When I was in business school getting my MBA, the only course in which I received less than the top grade was one called “Negotiation and Conflict Resolution” because I took a position that there are some issues of principle which are non-negotiable. My viewpoint appears quaint and old fashioned, if not outright naïve, to much of the world and to most of those with whom I work. My lack of moral flexibility is one of the reasons I ultimately decided not to pursue a much more lucrative opportunity in the business of healthcare, and to stick with taking care of sick people. It’s also the reason I have never considered a career in politics, much as I recognize that it’s the arena where one person’s efforts can sometimes produce some of the greatest gains.
Having grown up during the Vietnam era, I’m well familiar with the story of Hubert Humphrey, a fundamentally decent man, well intentioned and eminently likable, but one who fell victim to galloping ambition. Despite his tragic end, I thought the way everyone fell in love with him after his fatal diagnosis was ludicrous. The two great tests of men in public life during that time – the McCarthy era and Vietnam – gave Humphrey failing grades in both. On our shores, as well as in many parts of the world, when it comes to moral lapses in keepers of the public trust, we tend to forget with a frequency suggesting senility. While many suggest this forgiveness is a virtue, I feel that we have not only a right but a responsibility to remain intransigent in the defense of ideals.
This is why we still honor people like Lincoln and Gandhi who stuck with their beliefs against desperate odds, and scorn the Neville Chamberlains of the world. Young people tend to see the world much in black and white. However, as we grow older, most of us develop the capacity of accepting indecency with equanimity. We accept a little corruption in everyone, and we find the righteous rage of someone like Senator Wayne Morris, who paid for his early opposition to the Vietnam War with his political career, unsettling at best. We as Americans do not like to be unsettled.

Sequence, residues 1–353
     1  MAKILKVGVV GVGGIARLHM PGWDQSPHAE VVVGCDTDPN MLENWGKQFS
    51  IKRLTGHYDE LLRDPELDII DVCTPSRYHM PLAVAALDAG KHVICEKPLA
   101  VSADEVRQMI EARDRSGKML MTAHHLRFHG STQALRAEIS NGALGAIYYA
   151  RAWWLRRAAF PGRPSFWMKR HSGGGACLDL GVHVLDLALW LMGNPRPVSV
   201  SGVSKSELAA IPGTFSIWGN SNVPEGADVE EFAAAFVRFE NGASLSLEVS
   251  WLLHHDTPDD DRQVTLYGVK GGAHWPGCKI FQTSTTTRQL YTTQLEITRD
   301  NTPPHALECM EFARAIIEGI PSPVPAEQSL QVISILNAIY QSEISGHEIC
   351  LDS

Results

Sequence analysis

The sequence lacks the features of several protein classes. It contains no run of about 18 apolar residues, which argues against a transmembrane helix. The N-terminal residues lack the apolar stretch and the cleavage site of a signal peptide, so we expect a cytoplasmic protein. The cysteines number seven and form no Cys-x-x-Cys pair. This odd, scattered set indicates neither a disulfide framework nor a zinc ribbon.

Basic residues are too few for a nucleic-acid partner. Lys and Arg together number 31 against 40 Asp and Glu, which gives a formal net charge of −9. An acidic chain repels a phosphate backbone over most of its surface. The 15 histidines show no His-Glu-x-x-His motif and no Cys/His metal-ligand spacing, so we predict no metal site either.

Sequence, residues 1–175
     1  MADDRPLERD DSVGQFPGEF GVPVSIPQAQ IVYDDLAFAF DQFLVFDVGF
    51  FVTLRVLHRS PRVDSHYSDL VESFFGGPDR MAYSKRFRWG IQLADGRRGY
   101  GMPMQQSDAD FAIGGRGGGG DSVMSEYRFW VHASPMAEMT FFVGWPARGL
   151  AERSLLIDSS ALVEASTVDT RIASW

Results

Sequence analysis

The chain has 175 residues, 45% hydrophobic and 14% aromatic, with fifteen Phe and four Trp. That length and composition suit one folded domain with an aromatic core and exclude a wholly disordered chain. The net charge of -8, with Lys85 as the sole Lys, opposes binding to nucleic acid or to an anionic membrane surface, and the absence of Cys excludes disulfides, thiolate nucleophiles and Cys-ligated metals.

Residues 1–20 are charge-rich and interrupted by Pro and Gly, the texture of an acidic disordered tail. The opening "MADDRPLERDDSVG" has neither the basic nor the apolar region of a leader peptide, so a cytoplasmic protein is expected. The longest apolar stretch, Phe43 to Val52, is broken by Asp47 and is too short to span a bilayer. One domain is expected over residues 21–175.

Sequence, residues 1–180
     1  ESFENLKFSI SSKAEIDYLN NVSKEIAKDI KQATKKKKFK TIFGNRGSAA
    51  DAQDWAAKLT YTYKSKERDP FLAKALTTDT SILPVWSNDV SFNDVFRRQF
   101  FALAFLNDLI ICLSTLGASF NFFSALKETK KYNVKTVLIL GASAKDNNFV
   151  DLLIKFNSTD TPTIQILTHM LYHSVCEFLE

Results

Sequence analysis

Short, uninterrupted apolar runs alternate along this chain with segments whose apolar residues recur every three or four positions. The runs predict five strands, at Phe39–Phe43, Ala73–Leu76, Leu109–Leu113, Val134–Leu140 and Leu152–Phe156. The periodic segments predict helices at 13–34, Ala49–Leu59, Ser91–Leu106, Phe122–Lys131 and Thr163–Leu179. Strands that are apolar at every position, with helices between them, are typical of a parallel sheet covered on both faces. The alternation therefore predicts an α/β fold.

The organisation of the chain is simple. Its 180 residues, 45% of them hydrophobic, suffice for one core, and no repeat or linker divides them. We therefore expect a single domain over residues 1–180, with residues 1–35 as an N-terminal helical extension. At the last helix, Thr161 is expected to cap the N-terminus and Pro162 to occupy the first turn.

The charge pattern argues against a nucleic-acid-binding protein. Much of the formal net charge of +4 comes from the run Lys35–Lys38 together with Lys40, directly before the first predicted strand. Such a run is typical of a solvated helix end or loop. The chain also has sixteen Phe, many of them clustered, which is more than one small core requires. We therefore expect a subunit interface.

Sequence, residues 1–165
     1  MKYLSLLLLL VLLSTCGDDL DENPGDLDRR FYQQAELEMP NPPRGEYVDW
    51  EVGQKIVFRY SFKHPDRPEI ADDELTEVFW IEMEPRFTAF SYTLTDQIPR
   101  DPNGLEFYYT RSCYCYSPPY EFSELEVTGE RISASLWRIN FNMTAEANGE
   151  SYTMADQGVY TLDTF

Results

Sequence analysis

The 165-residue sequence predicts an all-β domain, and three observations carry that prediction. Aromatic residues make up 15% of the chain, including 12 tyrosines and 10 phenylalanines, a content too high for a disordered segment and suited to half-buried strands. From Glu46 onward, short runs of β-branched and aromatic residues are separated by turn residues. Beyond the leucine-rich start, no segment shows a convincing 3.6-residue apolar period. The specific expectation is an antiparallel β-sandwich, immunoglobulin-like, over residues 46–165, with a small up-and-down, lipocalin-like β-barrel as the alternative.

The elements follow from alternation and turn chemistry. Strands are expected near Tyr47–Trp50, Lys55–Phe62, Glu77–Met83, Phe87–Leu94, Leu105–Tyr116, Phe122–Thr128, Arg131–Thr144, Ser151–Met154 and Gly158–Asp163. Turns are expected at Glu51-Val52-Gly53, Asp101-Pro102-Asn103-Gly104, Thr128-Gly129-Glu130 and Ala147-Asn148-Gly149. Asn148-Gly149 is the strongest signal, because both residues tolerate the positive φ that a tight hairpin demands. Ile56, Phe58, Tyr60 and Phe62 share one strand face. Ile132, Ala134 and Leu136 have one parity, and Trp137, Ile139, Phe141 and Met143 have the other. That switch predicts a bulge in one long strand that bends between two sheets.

The danger in choosing the quiet acceptance of moral ambiguity in our leaders should by now be obvious. While we may find fewer villains, we also lack in leaders we wish to follow and emulate. If as a people we are incapable of cherishing the notion that some lines cannot be crossed, we can no longer retain a sense of purpose as a country.
Of course, this national complacency simply reflects the ease with which we erase moral boundaries in our own lives. How can we sustain moral outrage when we readily accept dishonesty in our own circles? When we overlook backstabbing in our workplace among our colleagues? When we condone deception and lies in our business practices? If we do not take a stand against what we perceive as indecent behavior among those with whom we associate, how can we expect our children to do any differently as they grow up?
None of us are saints, and we all make mistakes. However, we all need to strive to be better, to accept responsibility for our failures, and to learn from our missteps. We need to treat each other with kindness, but demand from others the same kind of decency we offer to those with whom we cross paths.